A global investor perspective

29 June, 2015

Cars, investments and intangible assets

What matters to the modern day car buyer? According to consumer surveys, style and appearance rank highly but the most important factors are reliability, price, running costs, fuel efficiency and safety.  New cars incorporate technology such as lane departure warning systems, automatic parking, integrated communication and stop start capabilities. In April, a driverless car completed the journey from San Francisco to New York, virtually unaided by human intervention.

The critical element here is software; millions of lines of code that we can’t touch or see – an intangible asset.  Leading automotive component manufacturers such as Continental, Delphi, Denso and Panasonic have transformed the shape of their workforce, employing thousands of software engineers.  For today’s buyer it’s not so much about the visibly obvious characteristics of the vehicle but the less tangible attributes.  The same applies in investment.

Investors clearly pay attention to the value of intangible assets, whether these are software, brands, patents, customer loyalty, scale, creative talent, market position and management capabilities.  The vast majority of companies trade at a significant premium to the value of their tangible assets.  What do fund managers and analysts want from financial reporting to help them better appreciate the potential of modern corporations?

What most don’t want is for accountants to try to value businesses themselves by placing a fair value for intangibles on the balance sheet. Where this has found its way into financial statements, specifically in M&A accounting, it’s not clear that this has helped investors. It’s the role of capital markets to value companies, not accountants.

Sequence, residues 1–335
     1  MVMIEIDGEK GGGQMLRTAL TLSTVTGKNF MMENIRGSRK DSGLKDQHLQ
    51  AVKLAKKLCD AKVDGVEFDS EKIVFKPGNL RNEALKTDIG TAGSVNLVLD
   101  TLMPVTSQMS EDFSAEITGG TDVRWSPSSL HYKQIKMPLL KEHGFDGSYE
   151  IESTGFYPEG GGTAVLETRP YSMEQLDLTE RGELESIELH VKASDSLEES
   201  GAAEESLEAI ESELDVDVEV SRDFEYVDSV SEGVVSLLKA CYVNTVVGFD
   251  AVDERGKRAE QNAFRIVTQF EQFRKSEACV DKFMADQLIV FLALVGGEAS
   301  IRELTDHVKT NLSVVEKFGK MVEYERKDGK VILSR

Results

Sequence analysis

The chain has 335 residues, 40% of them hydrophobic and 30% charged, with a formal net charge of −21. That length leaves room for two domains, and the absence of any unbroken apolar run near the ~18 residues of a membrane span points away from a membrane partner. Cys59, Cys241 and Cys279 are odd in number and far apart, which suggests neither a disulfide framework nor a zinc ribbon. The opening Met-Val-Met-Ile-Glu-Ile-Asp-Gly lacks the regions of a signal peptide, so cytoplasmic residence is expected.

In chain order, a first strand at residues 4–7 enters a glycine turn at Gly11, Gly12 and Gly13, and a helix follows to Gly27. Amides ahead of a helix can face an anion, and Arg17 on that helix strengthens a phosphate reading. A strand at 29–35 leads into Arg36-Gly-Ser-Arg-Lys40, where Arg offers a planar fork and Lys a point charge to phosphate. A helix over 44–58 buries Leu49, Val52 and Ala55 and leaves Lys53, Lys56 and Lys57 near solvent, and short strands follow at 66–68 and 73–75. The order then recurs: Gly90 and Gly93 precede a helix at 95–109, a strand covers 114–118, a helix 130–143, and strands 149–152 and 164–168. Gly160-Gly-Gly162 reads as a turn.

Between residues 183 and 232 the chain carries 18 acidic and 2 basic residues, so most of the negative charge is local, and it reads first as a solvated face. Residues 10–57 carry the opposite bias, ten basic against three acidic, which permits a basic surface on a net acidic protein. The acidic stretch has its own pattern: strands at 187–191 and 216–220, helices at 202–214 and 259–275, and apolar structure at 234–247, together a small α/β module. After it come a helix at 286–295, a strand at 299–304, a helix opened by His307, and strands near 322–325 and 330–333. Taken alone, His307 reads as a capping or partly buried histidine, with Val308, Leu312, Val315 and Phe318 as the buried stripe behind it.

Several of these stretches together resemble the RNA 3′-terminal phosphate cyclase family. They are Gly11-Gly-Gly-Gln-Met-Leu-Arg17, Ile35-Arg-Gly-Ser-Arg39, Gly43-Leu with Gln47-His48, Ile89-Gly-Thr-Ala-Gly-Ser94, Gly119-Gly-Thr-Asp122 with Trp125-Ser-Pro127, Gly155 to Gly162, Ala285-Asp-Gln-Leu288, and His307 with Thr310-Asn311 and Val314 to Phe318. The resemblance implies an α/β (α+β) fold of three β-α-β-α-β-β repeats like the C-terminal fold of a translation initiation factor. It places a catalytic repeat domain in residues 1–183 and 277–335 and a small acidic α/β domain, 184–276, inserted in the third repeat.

Words and numbers

Telling the story of a company – its performance and prospects, the opportunities and risks that it faces -takes more than mere words and numbers on the page.  Investors strive to get beneath the reported accounting returns.  We want to understand the underlying economics of the business and its potential to generate cash flows over the long term.  In the best financial reporting, the narrative and the numbers work together to inform. Inevitably, words have a bigger role to play in describing the prospects for the business.  Integration, however, is key – even at the most basic level.  It is immensely frustrating for the narrative to highlight specific data items, such as capital expenditure, that bear no relation to figures in the financial statements.

Lengthy prose is best avoided.  Management teams that have a coherent strategy are often best placed to tell their story in a concise fashion.  Sometimes it feels as through pages and pages of words is more of a reflection of an absence of strategy.  Hearts sink at the prospect of wading through reams of tightly spaced text.  Worse still, when it’s presented in narrow columns or a grey font on a blue background.  Perhaps I should succumb to spectacles but give me nicely spaced text across the page on a white background any day.

I have grown to appreciate the plain formatting of US 10K documents.  As a global investor I have the opportunity to review financial reporting across many jurisdictions.  While I used to loath 10Ks I now welcome them.  In some respects these are extraordinary prescriptive – bizarrely, note 4 is always the mine safety disclosure. But equally there is sufficient flexibility for companies who want to tell their story to do so in an integrated manner using headings such as Business Model, Strategy, Market Structure, Competitive Advantages and Risks.

Investor focus

So what would help investors as integrated reporting continues to evolve?  First, we shouldn’t neglect the numbers.  High quality accounting is critical to an integrated approach and there is more work to be done by standard setters, specifically around the reporting of cash flows and the amortization of intangibles.  Greater clarity in remuneration reporting would be appreciated, while keeping narrative report concise and focused on material issues is also essential. Investors welcome innovation in reporting, but preparers should be wary of slipping into gimmickry.

Today there is a wide spectrum with some excellent reporting within the existing formats while others do no more than meet the minimum regulatory requirement.  And, of course, this in itself has information value for investors.


Nick Anderson is Co-Manager of Henderson’s Global Sustainability Funds and Head of Equity Research